The signature of Warrant Officer Norman Jackson VC (deceased)

Warrant Officer Norman Jackson VC (deceased)
Norman Jackson joined 106 Squadron as a flight engineer, and his 30th operational raid earned him the Victoria Cross. While climbing out of the target area over Schweinfurt, his Lancaster was hit by an enemy night-fighter and the inner starboard engine set on fire. Although injured by shrapnel he jettisoned the pilots escape hatch and climbed out on to the wing clutching a fire extinguisher, his parachute spilling out as he went. He succeeded in putting out the fire just as the night-fighter made a second attack, this time forcing the crew to bale out. Norman was swept away with his parachute starting to burn but somehow survived the fall to spend 10 months as a POW in a German hospital. Sadly, Norman Jackson died on 26th March 1994.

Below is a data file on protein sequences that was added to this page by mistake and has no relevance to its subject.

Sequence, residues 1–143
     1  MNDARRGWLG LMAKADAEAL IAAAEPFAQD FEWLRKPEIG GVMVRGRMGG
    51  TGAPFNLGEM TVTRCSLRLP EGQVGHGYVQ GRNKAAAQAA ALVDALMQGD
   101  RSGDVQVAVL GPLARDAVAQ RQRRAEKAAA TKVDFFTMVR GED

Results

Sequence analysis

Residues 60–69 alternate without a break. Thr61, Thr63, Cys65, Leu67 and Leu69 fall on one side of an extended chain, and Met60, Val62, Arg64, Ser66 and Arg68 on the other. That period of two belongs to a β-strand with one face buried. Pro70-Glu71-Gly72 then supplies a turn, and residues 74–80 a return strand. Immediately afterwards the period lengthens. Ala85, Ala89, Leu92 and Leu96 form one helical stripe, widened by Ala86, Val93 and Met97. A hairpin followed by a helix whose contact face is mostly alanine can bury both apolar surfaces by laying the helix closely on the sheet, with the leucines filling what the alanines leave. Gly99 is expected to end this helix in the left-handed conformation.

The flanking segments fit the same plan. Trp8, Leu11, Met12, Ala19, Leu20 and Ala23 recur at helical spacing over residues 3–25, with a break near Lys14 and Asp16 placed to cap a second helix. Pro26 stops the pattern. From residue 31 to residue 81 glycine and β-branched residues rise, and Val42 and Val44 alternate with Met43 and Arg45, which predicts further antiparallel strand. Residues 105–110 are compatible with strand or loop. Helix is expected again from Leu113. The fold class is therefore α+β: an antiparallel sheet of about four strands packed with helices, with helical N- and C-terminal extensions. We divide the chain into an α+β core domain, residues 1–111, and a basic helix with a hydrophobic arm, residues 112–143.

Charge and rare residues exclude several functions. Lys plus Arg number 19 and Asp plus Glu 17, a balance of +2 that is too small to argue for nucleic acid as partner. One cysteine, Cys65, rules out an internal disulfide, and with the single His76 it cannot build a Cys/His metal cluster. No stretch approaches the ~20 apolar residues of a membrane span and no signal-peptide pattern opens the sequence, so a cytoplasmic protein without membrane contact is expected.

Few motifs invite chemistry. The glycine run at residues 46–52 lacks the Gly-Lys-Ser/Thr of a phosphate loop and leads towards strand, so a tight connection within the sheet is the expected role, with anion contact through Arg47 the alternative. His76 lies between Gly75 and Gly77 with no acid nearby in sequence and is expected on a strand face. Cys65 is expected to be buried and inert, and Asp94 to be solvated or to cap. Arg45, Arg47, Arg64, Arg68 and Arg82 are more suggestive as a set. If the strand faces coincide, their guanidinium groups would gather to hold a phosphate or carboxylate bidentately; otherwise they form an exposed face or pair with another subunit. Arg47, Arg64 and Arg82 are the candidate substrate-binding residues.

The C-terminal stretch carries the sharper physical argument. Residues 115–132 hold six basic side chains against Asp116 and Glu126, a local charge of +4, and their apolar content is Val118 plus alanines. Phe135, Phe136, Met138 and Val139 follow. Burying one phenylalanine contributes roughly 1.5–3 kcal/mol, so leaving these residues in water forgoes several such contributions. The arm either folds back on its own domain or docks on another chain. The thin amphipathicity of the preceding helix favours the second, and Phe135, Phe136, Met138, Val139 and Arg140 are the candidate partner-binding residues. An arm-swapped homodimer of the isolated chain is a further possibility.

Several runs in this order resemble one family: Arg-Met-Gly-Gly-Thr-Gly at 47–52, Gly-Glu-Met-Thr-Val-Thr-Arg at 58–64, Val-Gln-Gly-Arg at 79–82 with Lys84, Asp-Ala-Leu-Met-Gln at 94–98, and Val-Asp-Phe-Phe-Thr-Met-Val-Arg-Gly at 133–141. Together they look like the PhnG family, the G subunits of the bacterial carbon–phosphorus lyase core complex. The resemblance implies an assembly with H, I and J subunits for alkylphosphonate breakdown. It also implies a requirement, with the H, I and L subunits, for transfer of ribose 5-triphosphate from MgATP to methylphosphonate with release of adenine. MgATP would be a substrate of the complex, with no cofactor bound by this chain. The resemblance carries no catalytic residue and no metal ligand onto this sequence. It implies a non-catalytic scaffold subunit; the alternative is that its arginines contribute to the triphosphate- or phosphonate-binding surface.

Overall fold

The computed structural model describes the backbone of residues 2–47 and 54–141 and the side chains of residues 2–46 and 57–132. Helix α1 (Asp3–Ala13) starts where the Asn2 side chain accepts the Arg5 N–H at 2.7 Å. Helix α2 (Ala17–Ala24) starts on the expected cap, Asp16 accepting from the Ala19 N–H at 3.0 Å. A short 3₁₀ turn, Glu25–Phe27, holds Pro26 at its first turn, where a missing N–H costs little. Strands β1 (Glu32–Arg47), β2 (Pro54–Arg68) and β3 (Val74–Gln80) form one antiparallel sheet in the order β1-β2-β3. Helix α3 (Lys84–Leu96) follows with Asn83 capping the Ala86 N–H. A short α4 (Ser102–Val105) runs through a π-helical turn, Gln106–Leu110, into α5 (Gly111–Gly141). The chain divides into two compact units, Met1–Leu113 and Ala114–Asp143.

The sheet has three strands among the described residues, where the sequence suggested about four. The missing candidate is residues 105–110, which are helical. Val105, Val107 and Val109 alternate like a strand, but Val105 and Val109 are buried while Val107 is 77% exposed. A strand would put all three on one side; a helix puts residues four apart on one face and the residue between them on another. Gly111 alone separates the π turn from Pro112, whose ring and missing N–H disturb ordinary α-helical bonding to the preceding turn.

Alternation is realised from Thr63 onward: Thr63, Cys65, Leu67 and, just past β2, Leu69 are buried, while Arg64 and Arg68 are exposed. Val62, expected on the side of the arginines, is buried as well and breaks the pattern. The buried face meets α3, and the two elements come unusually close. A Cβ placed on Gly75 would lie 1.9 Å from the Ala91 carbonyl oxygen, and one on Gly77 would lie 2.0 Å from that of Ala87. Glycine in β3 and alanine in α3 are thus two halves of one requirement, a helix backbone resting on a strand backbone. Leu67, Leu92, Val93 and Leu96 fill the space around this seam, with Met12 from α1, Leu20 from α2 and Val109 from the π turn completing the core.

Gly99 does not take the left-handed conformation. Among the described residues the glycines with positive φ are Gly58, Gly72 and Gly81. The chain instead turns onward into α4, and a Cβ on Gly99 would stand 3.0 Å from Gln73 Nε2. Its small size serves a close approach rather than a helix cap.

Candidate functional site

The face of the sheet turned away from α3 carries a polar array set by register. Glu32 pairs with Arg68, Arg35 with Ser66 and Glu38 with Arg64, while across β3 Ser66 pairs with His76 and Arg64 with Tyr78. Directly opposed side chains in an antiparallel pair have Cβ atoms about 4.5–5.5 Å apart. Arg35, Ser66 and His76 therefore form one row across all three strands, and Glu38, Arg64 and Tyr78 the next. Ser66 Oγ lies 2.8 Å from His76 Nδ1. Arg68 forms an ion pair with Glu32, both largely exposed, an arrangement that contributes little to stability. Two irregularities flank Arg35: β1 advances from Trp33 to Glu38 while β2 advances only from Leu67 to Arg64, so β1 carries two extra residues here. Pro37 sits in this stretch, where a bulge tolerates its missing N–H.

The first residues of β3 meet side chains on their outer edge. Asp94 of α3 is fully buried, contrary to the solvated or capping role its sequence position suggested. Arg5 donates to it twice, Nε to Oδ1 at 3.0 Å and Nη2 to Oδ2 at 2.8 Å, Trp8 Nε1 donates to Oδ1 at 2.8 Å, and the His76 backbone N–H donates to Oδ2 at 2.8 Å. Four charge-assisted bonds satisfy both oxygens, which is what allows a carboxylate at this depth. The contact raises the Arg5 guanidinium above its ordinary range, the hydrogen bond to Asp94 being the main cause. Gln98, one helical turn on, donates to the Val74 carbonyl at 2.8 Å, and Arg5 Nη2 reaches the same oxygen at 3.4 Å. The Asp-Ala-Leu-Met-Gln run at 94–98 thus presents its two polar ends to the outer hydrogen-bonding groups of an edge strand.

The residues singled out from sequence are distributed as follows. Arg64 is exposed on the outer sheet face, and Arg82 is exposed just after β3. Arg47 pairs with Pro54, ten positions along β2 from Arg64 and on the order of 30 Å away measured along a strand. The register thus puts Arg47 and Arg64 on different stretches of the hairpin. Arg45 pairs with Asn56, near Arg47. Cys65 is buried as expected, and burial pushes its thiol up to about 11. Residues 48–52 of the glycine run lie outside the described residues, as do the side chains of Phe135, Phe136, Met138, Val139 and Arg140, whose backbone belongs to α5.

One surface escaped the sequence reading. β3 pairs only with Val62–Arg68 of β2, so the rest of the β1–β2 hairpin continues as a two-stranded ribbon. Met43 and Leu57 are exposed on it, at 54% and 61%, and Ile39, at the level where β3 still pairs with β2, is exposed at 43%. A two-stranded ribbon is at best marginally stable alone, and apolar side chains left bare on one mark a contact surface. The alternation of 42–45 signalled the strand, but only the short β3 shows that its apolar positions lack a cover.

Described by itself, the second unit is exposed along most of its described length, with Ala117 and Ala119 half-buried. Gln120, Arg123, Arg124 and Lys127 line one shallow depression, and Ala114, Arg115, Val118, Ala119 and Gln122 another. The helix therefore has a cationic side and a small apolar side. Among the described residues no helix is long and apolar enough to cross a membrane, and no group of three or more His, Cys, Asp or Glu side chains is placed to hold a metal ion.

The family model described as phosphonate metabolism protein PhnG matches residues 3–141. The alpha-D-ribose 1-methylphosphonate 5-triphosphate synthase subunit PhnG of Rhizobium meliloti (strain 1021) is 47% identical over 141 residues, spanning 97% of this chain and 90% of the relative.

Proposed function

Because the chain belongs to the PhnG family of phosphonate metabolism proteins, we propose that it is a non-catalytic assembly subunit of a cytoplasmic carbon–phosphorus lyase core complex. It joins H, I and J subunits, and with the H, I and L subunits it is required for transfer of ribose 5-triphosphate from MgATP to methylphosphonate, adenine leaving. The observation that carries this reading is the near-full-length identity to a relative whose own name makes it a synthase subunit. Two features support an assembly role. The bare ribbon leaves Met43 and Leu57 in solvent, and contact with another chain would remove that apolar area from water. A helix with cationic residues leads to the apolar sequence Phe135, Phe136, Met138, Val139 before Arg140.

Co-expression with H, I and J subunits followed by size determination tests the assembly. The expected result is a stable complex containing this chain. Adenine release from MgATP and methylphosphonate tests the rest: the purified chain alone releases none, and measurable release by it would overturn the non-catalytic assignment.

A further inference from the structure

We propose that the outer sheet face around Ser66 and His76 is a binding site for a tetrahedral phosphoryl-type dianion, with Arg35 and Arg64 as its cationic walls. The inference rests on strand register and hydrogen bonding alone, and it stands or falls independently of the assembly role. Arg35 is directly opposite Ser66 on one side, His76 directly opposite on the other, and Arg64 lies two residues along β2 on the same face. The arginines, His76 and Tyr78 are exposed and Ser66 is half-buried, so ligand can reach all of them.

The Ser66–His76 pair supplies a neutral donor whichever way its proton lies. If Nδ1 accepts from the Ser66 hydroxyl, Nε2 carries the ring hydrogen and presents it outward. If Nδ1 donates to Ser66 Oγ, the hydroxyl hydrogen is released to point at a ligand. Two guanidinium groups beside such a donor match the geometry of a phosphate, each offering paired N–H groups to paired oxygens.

The signature of Wing Commander Ernest Rodley DSO DFC AFC AE (deceased)

Wing Commander Ernest Rodley DSO DFC AFC AE (deceased)